Seeing

I can hardly see at all today.  Even though the light is dim, thanks to the cloudy Rochester weather, it is still hurting my eyes.  It really seems like there is some kind of greasy coating on my contacts.  I keep taking them out and cleaning them, even though I know the problem is my eyes and not my contacts at all.  Through my left eye, everything is a blur.  It almost seems like it would be better to cover that eye and let my right eye do what it can by itself.  It is hard work just to see past the floaters and other debris so that I can look out at the world.  I am a long way from being disabled, but my vision certainly is impaired today.

My eyes have a big week next week.  Monday I have an appointment with my retina specialist for a shot of Avastin in my right eye.  Last time I saw him, he mentioned that there had been a change in my left eye.  I want to find out what he meant.  It is obvious that something bad is going on in that left eye.  It will be a relief to find out what he thinks is happening.  On Wednesday I will go to ABVI (Association for the Blind and Visually Impaired) for a low vision evaluation.  I have a lot of paperwork to fill out – many, many questions about the relative difficulty of performing different tasks.  Hopefully, the people at ABVI will provide some tools or give me some guidance so that I can continue to be an asset at my jobs.  My husband, John, is going to go to both of these appointments with me.  He always understands things clearly, while I tend to get overwhelmed by emotion and stop listening.  My new contacts and glasses should also arrive this week and my optometrist says that they will improve my vision quite a bit.  I have a lot of hope as I look forward to next week.

I am trying to use a text reader at work.  (Thank for the suggestion, Nicola.)  The mechanical voice is just awful.  I can get used to it, though.  The problem is, I still read along as “he” is talking.  I have to figure out what I am supposed to do with my eyes while I am listening.  If I am going to read along, there is no point in using it.  I feel ridiculous having trouble with the reader, but I believe that it will be a help if I can get used to it.  I am really excited to learn about other tools that are available.  I feel very grateful for all of the advances that have been made in tools and medicine and technology for the visually impaired.  Thanks to everyone who is doing research in this field.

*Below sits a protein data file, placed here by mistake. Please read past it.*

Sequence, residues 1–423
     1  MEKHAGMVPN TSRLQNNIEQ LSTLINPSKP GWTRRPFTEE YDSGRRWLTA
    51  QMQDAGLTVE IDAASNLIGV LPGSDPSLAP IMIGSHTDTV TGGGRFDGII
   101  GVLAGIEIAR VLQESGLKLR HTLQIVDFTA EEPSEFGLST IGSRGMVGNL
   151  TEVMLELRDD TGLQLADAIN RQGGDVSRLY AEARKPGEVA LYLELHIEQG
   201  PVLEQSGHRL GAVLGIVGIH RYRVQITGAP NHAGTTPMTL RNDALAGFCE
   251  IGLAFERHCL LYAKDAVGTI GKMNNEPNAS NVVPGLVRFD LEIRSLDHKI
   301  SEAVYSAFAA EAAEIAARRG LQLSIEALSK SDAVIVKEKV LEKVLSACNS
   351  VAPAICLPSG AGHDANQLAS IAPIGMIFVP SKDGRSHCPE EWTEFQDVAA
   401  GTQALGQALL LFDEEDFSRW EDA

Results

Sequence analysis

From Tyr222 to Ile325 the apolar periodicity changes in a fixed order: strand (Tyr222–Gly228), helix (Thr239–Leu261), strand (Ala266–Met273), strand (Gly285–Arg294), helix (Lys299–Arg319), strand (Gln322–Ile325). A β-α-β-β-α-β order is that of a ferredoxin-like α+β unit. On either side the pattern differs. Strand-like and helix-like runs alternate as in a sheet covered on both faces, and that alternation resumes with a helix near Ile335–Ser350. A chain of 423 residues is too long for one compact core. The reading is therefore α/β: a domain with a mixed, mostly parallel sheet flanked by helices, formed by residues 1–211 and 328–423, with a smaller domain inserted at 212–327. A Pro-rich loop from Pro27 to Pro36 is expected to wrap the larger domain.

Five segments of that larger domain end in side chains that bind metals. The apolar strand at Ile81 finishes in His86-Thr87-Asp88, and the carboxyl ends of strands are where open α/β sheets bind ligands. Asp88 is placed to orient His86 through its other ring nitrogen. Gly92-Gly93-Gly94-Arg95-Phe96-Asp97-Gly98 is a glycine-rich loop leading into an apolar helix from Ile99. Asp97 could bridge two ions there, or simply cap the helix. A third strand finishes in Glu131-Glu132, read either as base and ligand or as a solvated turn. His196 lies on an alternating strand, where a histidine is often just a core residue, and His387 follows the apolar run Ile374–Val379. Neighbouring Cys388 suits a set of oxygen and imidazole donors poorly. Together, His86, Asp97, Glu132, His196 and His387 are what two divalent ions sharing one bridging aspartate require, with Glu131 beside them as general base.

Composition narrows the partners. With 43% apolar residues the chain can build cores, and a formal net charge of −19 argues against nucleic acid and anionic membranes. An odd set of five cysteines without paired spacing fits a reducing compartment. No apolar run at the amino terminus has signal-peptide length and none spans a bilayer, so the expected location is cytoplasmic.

The sun is starting to shine just as I am finishing.  It is turning out to be a day full of hope and gratitude!

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One thought on “Seeing

  1. Hi, glad to hear that you are giving the reader a go. I too found it hard when I was learning to use supernova to allow me to support our blind students better, as I could see it was very tempting to use my eyes. The best advice I was given was to turn the screen off (if you can) or adjust the brightness.
    It is hard to change habits like these. What do you look at when listening to music or the radio? it might help. I hope that you get some local assistance, they may be able to suggest another strategy for you. You know this could be your no. 26, mind you, nothing stopping you learning many new skills! Nicola

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